Pink Polka Dot Plant

Photo: Two great examples of breeders’ triumphs with this cheerful little tropical beauty.

When I was a kid, I wanted to join the Peace Corps, and I wanted to go to Madagascar. So many of the really odd plants that I loved were from there, and all I could think of was going there to see them in their native habitats. Forget that the Peace Corps was about a grander plan. But that wasn’t to be anyway, so I ended up teaching school, getting married and having a family, working for Extension, and trying out a career in radio and writing – I’ll see if that works out.

But I still like the plants from Madagascar, and this is one of them. Hypoestes phyllostacha, also known as pink polka dot plant. When I saw it in the Texas A&M greenhouses in 1963, it came in plain old basic pink. Not a big seller at the all-male military A&M of that era.


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Breeders got busy over the ensuing years and started introducing deeper shades of red, brighter pinks, lavenders and pure whites and this little beauty was on its way.

Photo: Tiny little starter plants began life as “plugs” in a greenhouse. They’re being sold here for terrariums.

Uses and Care…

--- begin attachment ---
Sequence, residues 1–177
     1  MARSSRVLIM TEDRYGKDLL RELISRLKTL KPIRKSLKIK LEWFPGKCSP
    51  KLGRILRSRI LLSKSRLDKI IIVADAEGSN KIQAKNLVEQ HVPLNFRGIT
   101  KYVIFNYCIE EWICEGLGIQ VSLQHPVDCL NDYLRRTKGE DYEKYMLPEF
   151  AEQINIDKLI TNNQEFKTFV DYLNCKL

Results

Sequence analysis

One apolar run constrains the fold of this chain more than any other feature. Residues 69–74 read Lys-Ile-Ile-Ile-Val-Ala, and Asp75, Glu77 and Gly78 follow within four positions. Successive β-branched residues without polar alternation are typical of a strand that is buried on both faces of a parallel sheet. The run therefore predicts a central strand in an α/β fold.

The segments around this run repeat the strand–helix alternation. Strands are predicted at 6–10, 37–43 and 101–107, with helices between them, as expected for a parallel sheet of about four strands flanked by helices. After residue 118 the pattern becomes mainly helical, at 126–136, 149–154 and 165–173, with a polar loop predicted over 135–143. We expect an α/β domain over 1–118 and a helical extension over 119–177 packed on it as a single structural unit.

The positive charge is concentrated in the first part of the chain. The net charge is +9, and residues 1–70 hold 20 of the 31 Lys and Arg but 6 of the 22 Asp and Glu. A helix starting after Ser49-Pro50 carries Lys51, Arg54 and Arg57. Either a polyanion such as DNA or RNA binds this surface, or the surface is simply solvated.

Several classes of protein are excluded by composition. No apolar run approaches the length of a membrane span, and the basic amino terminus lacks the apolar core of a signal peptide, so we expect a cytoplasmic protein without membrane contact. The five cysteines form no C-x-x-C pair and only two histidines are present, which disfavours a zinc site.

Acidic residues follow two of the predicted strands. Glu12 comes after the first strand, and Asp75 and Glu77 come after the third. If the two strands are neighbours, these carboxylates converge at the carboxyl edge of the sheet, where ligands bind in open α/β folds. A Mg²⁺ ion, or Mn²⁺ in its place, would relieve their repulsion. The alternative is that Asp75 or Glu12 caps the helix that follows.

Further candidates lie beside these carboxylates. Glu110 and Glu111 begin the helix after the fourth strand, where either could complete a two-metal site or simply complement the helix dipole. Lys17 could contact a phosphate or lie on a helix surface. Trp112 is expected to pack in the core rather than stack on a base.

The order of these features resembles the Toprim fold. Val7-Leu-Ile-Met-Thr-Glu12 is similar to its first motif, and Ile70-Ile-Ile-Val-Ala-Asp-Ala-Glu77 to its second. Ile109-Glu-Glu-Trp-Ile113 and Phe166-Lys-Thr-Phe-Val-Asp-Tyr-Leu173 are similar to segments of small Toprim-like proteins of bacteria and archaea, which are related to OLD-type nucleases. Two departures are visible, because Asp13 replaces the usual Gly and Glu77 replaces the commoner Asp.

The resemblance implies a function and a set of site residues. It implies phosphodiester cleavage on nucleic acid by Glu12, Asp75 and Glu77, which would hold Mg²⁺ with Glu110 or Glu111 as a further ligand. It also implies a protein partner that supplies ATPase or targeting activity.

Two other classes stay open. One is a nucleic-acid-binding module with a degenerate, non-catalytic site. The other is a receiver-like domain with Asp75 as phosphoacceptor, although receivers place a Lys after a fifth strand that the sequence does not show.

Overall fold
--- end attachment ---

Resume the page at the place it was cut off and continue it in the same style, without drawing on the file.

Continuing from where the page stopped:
Polka dot plants grow to be 15 to 18 inches tall and 12 to 15 inches wide. They’re good massed in small groups in beds or in containers with flowers or other contrasting foliage. Grow them in highly organic planting soils that can be kept uniformly moist and fertile. Grow them in morning sun until 9 or 10, then shade the balance of the day.

They respond well to pinching to keep the plants compact, especially to remove flower spikes. As with many plants with showy foliage (coleus, caladiums, lamb’s ear, etc.), the flowers slow production of new leaves and detract from the looks of the plants.

A few gardeners try to carry their polka dot plants over in the house or greenhouse in winter, but most of us soon find that it’s easier just to start with fresh and vigorous new plants each spring.

Posted by Neil Sperry
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